Seeing pink? It might be because October is National Breast Cancer Awareness Month (NBCAM). This year NBCAM is celebrating its 27th anniversary. NBCAM is committed to increasing awareness of breast cancer issues, including early detection and encouraging women to take charge of their own health by practicing regular breast self-exams, scheduling annual mammograms, adhering to prescribed treatment, and knowing the facts about recurrence.
Augusta Health invites you to think pink every month. Schedule your mammogram during your birthday month. Augusta Health has two convenient locations for your mammogram: the Augusta Health Urgent Care Center in Stuarts Draft as well as the Women’s Imaging Center at Augusta Health in Fishersville. Augusta Health urges you to make the time to take care of yourself. Augusta health offers you every significant advantage to fight breast disease. Schedule your mammogram today. At Augusta Health, the journey is personal.
Breast cancer is a cancer that forms in the tissues of the breast, usually the ducts and lobules. Breast cancer occurs in both men and women; however male breast cancer is rare. It is estimated that there were 207,090 new cases of female breast cancer in 2010 alone.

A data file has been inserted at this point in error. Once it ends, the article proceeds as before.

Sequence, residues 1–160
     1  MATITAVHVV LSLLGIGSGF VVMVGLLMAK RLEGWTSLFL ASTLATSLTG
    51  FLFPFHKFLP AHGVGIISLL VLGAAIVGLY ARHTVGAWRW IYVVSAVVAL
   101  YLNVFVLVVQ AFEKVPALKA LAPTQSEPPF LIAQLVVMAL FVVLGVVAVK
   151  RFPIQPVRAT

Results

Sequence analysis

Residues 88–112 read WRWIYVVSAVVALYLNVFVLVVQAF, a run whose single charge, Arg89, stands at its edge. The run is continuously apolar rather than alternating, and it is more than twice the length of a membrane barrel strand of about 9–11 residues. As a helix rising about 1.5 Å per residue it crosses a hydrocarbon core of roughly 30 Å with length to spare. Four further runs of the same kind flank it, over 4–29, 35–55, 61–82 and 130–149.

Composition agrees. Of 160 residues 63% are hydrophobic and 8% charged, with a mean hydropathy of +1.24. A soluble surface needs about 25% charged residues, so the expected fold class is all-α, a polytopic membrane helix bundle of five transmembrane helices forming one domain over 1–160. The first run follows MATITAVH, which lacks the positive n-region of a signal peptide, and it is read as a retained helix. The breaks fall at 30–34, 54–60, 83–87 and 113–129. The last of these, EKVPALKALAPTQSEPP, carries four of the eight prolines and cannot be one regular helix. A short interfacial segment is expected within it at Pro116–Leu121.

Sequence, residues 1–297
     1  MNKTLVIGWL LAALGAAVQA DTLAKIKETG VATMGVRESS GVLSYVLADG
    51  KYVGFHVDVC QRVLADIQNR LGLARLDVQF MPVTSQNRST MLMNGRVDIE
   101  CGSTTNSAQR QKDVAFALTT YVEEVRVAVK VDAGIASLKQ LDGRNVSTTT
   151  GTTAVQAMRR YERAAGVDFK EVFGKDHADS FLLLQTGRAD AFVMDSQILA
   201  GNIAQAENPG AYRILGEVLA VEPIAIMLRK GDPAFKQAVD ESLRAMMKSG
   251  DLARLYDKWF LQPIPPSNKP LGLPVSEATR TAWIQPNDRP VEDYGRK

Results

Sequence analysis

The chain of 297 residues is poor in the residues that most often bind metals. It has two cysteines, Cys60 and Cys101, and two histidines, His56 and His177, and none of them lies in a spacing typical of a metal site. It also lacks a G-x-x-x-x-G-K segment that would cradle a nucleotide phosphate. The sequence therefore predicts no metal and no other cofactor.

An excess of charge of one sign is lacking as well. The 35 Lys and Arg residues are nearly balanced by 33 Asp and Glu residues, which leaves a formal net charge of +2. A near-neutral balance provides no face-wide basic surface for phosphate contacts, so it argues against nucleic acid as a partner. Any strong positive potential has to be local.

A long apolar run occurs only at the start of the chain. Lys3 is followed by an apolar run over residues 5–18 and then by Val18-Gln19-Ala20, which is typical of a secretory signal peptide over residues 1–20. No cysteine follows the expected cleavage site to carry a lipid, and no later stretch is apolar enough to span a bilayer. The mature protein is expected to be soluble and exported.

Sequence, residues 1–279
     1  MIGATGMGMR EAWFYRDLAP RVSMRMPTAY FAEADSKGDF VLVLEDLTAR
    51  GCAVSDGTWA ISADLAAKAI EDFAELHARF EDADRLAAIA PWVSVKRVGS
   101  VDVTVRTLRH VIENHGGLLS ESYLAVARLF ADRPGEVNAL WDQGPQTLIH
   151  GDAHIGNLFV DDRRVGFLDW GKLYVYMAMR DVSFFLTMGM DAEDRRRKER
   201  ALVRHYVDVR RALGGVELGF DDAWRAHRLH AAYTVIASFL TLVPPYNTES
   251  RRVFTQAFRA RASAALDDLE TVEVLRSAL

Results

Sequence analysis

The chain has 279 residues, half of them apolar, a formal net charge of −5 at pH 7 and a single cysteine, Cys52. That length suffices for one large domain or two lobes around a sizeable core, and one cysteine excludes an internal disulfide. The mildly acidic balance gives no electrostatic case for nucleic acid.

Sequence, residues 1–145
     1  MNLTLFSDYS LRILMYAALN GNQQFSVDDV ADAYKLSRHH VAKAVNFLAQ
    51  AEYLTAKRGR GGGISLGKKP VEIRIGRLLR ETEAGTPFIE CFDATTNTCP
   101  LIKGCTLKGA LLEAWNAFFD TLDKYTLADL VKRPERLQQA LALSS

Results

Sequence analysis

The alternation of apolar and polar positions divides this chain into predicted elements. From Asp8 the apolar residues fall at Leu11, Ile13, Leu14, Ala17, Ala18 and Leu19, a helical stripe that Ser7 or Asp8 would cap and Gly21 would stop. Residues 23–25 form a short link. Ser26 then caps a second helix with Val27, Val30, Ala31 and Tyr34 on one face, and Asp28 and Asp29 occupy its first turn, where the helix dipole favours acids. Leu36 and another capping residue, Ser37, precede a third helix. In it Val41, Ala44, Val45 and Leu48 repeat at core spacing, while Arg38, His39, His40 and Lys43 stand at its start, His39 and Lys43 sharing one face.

Risk factors for breast cancer include:
- Increased levels of estrogen
- Hormone replacement therapy
- Exposure to radiation
- Inherited risk
The best prevention for breast cancer is avoidance of risk factors, exercise, and decreased estrogen exposure. Symptoms of breast cancer include a lump in the breast, a change in size or shape of the breast or discharge from a nipple. Breast self-exam and mammography can help find breast cancer early when it is most treatable. Treatment of breast cancer includes options such as surgery, chemotherapy, radiation therapy, immunotherapy, and mastectomy.
Breast cancer affects one in eight women during their lives. Breast cancer kills more women in the US than any cancer, except lung cancer. It is important to take preventive measures to decrease your risk of breast cancer and to get regular mammograms to ensure early detection.
This information was provided by the National Cancer Institute and The National Institutes of Health. For more information regarding breast cancer, please click here.
Article provided by Stephanie Monger, Intern from James Madison University working with Community Outreach.
Source: Augusta Health